Sentence Picture Match and Write
Lesson 8 of 9
Objective: SWBAT read sentences and match them to a picture correctly in order to write them properly.
Why This Lesson?
Students love to relive and reread familiar stories. An easy way for them to do this is to have them use pictures AND words in conjunction. When students have pictures in addition to the words, they have a support that builds their confidence. With activities like this, students do enjoy familiar pictures, while they also work on reading short sentences. This activity builds sight word knowledge, connecting that pictures can be clues to the words and reading stamina and fluency! In addition, they are able to practicing sequencing in this activity as well (which is a necessary skill for our kids to practice again and again)! Overall, this doesn't take too much time to make and is always enjoyed by all students- while they learn!
How Does This Activity Work?
- Printed sentences
- Printed pictures that correspond with the sentences
- Corresponding writing sheet for students to copy sentences onto
I try to find and/or create sentences that 1) use sight words we are working on, and 2) use CVC words and/or words that are easy to sound out. Also, I really try to make sure that the sentences in this activity are related to the story or topic we are currently working with.
Students will read the sentences. Once students have slowly read and/or sounded out a sentence, they will read it fluently to their partner. Then, their partner will find the picture that corresponds with the words. Students will take turns reading or finding the picture until all matches have been made. Once all sentences have been read and matched, students will re-read them fluently together. Students will do this so they can put the sentences in order.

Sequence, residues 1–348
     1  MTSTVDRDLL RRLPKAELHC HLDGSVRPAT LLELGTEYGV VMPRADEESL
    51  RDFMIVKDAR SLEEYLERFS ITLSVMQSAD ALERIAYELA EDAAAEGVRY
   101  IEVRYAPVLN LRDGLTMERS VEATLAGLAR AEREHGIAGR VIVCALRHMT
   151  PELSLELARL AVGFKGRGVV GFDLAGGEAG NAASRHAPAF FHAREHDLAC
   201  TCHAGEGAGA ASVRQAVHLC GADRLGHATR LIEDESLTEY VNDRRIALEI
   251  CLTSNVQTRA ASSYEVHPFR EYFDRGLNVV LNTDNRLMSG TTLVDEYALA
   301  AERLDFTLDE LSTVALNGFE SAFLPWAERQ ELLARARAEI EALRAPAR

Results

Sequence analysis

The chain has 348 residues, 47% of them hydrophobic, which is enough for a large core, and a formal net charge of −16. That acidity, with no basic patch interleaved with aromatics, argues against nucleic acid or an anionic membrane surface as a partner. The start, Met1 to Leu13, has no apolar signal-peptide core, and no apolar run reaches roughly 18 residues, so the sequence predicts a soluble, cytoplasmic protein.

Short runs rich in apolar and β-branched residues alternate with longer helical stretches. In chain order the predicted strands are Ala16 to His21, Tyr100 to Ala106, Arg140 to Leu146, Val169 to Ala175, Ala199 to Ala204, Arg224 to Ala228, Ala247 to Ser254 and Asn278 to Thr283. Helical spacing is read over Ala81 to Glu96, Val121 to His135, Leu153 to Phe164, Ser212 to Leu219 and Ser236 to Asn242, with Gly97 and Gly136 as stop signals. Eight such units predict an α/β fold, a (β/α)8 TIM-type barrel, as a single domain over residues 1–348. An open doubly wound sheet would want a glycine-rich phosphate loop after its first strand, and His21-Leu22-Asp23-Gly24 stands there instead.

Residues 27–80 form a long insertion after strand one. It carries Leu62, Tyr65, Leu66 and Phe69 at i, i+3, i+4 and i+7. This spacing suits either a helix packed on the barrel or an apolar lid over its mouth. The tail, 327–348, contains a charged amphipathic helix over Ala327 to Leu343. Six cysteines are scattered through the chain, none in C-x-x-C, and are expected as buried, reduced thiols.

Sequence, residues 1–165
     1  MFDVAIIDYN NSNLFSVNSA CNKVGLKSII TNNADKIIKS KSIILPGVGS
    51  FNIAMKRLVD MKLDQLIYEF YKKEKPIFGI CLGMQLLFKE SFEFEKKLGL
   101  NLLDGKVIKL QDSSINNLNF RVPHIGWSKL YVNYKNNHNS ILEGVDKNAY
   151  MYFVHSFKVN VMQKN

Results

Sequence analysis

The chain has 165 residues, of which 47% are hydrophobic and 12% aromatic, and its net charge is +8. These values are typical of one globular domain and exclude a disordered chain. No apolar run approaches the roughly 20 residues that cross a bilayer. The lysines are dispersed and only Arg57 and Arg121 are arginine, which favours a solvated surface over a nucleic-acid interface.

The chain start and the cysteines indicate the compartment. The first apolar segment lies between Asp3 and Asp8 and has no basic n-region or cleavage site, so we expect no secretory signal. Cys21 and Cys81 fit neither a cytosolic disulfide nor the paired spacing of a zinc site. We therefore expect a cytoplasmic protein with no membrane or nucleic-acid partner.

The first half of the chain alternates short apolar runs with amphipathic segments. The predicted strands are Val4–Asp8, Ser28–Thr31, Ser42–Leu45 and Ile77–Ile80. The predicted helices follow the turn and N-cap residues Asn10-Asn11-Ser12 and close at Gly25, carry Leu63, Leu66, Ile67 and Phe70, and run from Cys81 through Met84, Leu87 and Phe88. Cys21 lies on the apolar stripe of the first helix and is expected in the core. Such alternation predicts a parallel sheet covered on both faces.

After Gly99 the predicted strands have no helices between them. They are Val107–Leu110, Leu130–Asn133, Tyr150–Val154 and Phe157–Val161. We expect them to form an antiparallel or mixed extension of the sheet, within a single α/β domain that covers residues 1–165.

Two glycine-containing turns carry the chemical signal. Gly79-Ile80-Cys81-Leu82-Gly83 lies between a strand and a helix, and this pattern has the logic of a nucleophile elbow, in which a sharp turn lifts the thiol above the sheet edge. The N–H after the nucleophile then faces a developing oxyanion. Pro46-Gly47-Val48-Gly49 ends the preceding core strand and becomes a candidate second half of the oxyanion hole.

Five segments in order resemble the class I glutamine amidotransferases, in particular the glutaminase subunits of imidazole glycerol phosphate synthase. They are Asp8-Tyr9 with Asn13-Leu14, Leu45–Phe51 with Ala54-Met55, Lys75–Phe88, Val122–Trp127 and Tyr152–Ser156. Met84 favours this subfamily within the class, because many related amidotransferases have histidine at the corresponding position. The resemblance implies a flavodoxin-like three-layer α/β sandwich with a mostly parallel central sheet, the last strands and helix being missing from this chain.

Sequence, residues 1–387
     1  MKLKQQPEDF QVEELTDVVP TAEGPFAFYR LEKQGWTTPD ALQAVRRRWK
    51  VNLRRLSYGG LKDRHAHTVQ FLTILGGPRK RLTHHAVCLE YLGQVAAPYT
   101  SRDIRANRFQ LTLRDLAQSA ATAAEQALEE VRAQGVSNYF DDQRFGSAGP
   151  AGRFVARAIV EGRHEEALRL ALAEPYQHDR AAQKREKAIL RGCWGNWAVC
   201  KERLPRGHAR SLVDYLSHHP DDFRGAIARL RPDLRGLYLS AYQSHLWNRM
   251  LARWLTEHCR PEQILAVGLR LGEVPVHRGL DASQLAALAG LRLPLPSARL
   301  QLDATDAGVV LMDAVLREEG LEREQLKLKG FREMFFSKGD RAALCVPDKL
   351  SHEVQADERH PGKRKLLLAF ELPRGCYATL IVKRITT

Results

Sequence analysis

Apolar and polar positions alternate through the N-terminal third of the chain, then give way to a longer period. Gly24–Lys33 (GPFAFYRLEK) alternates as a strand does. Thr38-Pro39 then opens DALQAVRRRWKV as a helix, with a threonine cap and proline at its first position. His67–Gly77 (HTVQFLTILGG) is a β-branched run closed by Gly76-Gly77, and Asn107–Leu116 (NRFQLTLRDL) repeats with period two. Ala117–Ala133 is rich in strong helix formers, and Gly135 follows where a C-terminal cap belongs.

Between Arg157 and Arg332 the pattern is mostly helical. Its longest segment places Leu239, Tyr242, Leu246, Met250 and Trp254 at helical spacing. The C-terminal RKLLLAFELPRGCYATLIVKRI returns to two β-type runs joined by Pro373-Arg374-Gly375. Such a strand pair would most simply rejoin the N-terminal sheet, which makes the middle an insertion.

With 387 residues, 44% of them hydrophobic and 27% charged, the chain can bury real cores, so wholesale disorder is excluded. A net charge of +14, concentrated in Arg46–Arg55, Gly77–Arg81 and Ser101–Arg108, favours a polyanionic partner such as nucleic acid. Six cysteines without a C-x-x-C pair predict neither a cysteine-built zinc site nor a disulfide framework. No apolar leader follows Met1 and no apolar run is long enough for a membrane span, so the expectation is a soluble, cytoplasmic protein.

After students think they have put all of the sentences in order of the sequence from the story, they can move to the last step- they write their sentences in proper order.
Here is a video that shows how to complete the sentence and picture match!
Assessing the Task
I will check students’ sentence papers for the following:
Sequence is almost completely correct (the order of events should be mostly spot on).
Handwriting is neat.
*I also have students leave their sentence strips and pictures on the floor for me to check for correctness. This is a great time for small teachable moments!
This activity is really easy to change and to mold to meet the need of your students and/or the topics you are covering. At the beginning of the year, I might have students just sound out character names, then I might have them sound out character names and matching adjectives, and around mid-year, I would begin having students read complete sentences and match them to their pictures. This activity can be done whole group, small group, at centers or even independently! Once I teach this game two times at the beginning of the year, students always know what to do!
To support this lesson later on, I like to use center materials like this fast food themed sentence picture match or this CVC Word and Sentence Reading Picture Match Cut and Paste.
I have a few students who may have difficulties reading and/or sorting these sentences, so I have two supports in place for them.
1) I number the sentences and the pictures on the back so students can check to see if they indeed match. (“This is Jack.” would have 1 on the back, as would the picture of Jack’s character.)
2) Sometimes, I will give a higher student the permanent job of being the reader.
Once they read the sentence, they help someone else read the sentence for themselves and then guide them to finding the picture.
3) I have one student who is still a really slow writer, so he is able to trace the sentences.
This saves time for him but also helps him gain confidence by getting his work done.